|My response did address one question you asked, though it|
didn't answer the literal question of why I need a program to
undo something I did deliberately. But the fact that the program
exists -- and available from Microsoft -- shows that my situation
isn't particularly unusual.
I tried to answer your other question and respond to your other
comments, but couldn't. I deleted what I typed, over and over.
I decided to just say what I could. I had no intention of arguing
anything here. I was just letting you know what my situation
was, and it turned into a rant.
The reasons for not allowing Windows to download updates
are many. As someone who learned to program beginning
in the 1960's and continuing throughout the 1970's and 1980's,
I find the idea of changes being made to my computer without
my direct knowledge and consent to be absolute violations of
decent programming practices. It is about the worst thing any
programmer could do. It should never be done.
So I looked at the detailed descriptions of the updates, trying
to determine what they did. What I found was that out of some
fifteen updates that would have been pushed on my computer,
only one applied to my actual software configuration, and that
one was utterly unimportant.
My impression, as I implied above, is that the primary function
of Microsoft software is to fill memory and disk space. Actually
doing something that the end user wants is just a hook to get
users to go along with paying for it and letting it be installed.
That appears to have been true at least since the 1990's.
"Rather than adding another program to fix your computer, why
can't you just undo whatever it is you did?"
I was going for the easiest solution first. Since I don't know
which change I made blocks the IE9 install process, and there
was a program available to get around that problem, I thought
I'd use it. When I discovered that I can't use it, and that it is a
huge program to do an extremely simple thing, I thought I'd
tell you about it, just to let you know how things were going.
It wasn't something I was asking for help with. Since I can't
use that program, I'll probably look at my firewall settings and
my disabled services to determine which need to be reverted
in order to let the IE9 installer work. But I'm going to be very
uncomfortable about it.
As I said in the first post, I do have SP1 installed. I'm not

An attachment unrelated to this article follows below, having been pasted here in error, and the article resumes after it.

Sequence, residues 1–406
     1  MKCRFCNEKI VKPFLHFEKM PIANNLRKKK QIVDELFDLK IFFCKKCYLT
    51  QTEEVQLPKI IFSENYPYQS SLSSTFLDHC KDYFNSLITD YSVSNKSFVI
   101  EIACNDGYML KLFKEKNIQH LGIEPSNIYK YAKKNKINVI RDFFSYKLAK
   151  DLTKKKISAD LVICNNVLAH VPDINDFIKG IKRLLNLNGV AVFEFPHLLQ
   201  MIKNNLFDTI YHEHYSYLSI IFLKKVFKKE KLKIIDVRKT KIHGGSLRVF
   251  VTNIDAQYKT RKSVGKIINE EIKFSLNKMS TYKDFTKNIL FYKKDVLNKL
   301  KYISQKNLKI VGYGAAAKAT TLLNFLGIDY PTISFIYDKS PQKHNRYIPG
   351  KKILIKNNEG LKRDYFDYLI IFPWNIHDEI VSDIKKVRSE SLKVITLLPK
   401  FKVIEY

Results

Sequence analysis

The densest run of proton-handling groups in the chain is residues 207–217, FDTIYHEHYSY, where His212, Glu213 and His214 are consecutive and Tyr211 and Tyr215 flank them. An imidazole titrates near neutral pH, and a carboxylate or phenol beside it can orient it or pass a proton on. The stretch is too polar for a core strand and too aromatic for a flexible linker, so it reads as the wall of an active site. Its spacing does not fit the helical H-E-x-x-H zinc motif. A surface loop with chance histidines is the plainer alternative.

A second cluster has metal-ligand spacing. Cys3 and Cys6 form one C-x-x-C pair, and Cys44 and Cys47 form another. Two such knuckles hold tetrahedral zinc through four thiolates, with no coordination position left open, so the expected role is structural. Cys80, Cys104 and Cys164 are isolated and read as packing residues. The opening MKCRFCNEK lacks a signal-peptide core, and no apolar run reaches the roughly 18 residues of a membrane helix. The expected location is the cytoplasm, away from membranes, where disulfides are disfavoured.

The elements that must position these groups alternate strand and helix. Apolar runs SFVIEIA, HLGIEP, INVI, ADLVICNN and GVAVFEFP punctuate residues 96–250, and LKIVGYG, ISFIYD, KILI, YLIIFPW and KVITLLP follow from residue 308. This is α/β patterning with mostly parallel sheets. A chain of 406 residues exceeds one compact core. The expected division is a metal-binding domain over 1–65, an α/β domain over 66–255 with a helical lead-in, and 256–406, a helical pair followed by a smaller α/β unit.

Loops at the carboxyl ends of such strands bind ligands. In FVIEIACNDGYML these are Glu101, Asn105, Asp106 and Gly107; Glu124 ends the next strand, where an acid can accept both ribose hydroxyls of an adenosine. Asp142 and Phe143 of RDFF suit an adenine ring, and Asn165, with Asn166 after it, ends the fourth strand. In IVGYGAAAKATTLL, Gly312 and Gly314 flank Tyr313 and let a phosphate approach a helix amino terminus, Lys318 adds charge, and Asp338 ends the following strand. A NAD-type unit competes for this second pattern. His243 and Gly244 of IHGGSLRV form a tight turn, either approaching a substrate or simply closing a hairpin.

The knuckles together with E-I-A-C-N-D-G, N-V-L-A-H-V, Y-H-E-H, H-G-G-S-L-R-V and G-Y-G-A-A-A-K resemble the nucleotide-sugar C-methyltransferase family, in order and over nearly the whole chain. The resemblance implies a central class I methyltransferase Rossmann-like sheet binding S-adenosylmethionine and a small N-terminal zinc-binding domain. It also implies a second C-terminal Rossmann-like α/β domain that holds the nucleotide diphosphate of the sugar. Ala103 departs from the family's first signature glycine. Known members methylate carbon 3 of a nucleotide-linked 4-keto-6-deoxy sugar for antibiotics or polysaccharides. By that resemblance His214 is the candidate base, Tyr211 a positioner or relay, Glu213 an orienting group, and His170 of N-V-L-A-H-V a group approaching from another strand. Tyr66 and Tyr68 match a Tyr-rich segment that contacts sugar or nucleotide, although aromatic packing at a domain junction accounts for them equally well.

sure why, other than that some people said I should install it,
so I did. What I could stand to read of the heavily jargonized
descriptions of the contents once again suggests that almost
none of the many updates actually apply to my computer.
My reasons for not activating Windows are also many. First,
a hardware problem which is serious but not fatal means that
the motherboard probably wants to be replaced. I've been
holding off activating until after I could decide whether to get
a new motherboard, and then until I actually get around to
selecting, buying, and installing it. That might be something
you could do in three days, but it takes me more like three
years. That's just the way I am. I'm not asking for help with
that problem. I have patience, but I understand how other
people would not have patience with me.
I don't have everything disabled so that my system won't slow
to a crawl. I have "everything" disabled because it seems
unnecessary, so that my system should zoom without it. The
only slow thing is the Internet connection, and it is really only
a problem when websites put junk in their web pages. This
morning a complete page of nicely-formatted text displayed
instantly when I hit the enter key. Other pages on other sites
can take forever before they even begin to display, and it
appears to be largely due to advertisements. When I block
known advertising sites such as doubleclick.net, download
and display are much faster, even if still not as fast as that
page of text.
-- Jeff, in Minneapolis